John McDonnell’s reincarnation as an iron shadow chancellor preaching “Financial discipline, comrades, financial discipline” seems still more startling after a tale told by the TUC apparatchik Kay Carberry at her retirement bash. On enlisting at Congress House, she joined the weekly book club, only to discover that every meeting studied the same volume – Das Kapital. “Imagine my surprise that the book group’s convenor,” she told the party, “is now the shadow chancellor.” Marx must be turning in his Highgate mausoleum.
The abstentionist opponents of McDonnell and Jeremy Corbyn in Westminster have coined a new description for party colleagues accused of collaborating with the leadership by accepting front-bench roles: Vichy Labour.
To the shy and retiring Tory billionaire Michael Ashcroft’s lavish 70th birthday bash at the Grosvenor House Hotel in London. Of the Tory troika jostling to replace Cameron, Boris Johnson and Theresa May paid their respects but George Osborne noticeably stayed away. If the mischievous peer follows up his Cameron biog with Call Me George, eye-watering tales from the Chancer of the Exchequer’s old friend Natalie “Mistress Pain” Rowe would surely leave the Piers Gaveston Society, with its pig’s head and private parts, resembling a vicar’s tea party. Dodgy Dave and Boy George, by the way, dispute all lurid allegations.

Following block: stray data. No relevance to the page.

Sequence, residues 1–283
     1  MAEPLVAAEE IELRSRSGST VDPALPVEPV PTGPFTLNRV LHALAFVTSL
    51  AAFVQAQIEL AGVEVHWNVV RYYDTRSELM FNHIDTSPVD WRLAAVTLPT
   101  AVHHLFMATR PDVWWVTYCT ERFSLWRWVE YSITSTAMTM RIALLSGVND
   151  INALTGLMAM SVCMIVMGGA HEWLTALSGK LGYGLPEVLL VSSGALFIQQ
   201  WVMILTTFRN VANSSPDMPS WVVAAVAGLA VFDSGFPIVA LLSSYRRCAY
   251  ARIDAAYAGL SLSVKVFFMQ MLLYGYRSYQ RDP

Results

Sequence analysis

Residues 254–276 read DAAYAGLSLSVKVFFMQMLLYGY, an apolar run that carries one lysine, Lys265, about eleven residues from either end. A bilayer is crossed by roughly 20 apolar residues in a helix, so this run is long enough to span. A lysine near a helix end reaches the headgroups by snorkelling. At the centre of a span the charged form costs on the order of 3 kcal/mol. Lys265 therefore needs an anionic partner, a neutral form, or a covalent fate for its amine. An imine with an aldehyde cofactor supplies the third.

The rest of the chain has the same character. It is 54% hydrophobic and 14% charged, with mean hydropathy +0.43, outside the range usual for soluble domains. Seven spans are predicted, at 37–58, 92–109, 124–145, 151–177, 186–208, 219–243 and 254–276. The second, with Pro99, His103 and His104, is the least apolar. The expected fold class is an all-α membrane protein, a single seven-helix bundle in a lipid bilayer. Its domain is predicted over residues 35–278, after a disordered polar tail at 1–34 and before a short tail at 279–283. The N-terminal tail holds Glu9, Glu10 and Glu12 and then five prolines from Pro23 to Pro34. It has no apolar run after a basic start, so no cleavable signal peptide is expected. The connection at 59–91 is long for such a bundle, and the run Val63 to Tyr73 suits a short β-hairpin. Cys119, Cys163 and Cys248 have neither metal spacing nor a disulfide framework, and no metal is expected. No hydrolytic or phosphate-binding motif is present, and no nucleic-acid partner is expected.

And to York, where Liberal Democrat survivors of the May massacre huddled together at a spring-clean conference to put Tory collusion behind them. The churchy Tim Farron’s patriotic case for Britain not leaving Europe included the linguist’s boast of a German grade 2 CSE (equivalent to a D in GCSE money), and Latin from reading Asterix books. The pious trade on authenticity, yet Farron left nearly the full pint of beer he posed with for the cameras. The late Charlie Kennedy, a victim of the demon drink, would have struggled to walk out of the pub.
David Davis, Tory Action Man, remains unconvinced by McDonnell’s political makeover, viewing the power behind Corbyn’s throne as an old-time Stalinist. “He’d guarantee you a very grand show trial for deviation and thought crimes,” the SAS reservist tittered to a visitor waiting for an audience with the Labour revisionist, “before we’re forced to start looking for your unmarked grave.” That sounds more like a fate awaiting Tory Brexit rebels, including Davis.
The irony was gloriously lost on the BBC man-bod who spent two minutes urging Sally Hunt, the lecturers’ University and College Union leader, to straighten her hair before a TV interview . . . on equality. On International Women’s Day.
Kevin Maguire is the associate editor (politics) of the Daily Mirror
This article appears in the 05 Apr 2017 issue of the New Statesman, Spring Double Issue